Cadence of Conflict: Asia, July 4, 2016

We see the psychology of Chinese cultural leadership on full display. China stopped communicating with Taiwan. An accidental firing of a live missile, killing one and injuring two, on a parked Taiwanese naval corvette was judged to indicate a “loose screw” in Taiwan’s military leadership.

The KMT-Nationalists from Mainland China have been managing Taiwan’s military for the last several years. The sailor responsible for the accidental firing was fatigued on the day of an inspection. They didn’t use a two-person firing system; it only took one sailor to fire. The Taiwan incident indicates “Mainlander” leadership, not the leadership of the opposition party that only took power within the last few months. We still don’t know how that new leadership will turn out. But, refusing to capitulate to China’s unilateral definitions is a good indication that Taiwan has strong leadership.

As for the force controlling China’s Mainland, the Communists, they are on trial over their activity in the South Sea. What is their solution? They hold more Naval exercises in the very waters they are being pressed over. Usually when a man is on trial, it is best if he pretends to be weak. While Beijing loudly denies it, actions indicate thoughts that a “show of force” will soften the decision of the international courts—because that works with Chinese courts, just as it works when the KMT did it with courts in Taiwan. However, the West will see China’s navel drill as further inditing evidence—of either excessive force or lack of discretion.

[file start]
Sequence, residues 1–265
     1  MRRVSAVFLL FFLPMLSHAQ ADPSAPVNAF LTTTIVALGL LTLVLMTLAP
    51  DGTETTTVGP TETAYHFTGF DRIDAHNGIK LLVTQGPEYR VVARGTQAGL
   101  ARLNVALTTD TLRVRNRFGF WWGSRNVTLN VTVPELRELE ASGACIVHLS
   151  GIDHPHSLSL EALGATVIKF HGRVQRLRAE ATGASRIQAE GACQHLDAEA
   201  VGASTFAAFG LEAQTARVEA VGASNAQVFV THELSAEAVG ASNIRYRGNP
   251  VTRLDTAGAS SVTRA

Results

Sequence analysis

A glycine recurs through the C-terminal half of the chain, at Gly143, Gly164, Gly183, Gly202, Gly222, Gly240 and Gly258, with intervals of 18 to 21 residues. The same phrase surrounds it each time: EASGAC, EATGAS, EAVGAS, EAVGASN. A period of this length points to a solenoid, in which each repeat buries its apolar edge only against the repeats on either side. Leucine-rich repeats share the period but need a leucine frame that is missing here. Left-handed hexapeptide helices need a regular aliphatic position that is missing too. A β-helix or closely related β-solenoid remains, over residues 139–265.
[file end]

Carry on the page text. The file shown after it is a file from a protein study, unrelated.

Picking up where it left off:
China is making it difficult for even Russia to come to their defense. Taiwan is making it difficult for America to want to give them missiles, unless meaningful changes happen soon, but that’s too soon. Taiwan claims to see the need for changes, but we’ll see. Beijing apparently thinks the opposite and then says opposite of that. The wise should be concerned over any force that doesn’t know his own situation.

By demonstrating the same worldview in both militaries, we can suspect that similar antics and accidentals are already happening in both. But there is another factor: Communication.

By cutting the “communication mechanism” with Taiwan over a unilaterally defined “one China”, China thinks it is making a power move, when actually, it has sabotaged its own intel gathering. More importantly, in the eyes of the watchful West, China proves that it doesn’t mean what it says. By not communicating with Taiwan over the “one China” concept—according to its own “one China” claim—China is not communicating with itself. That means that China never really believed its own “one China” idea in the first place.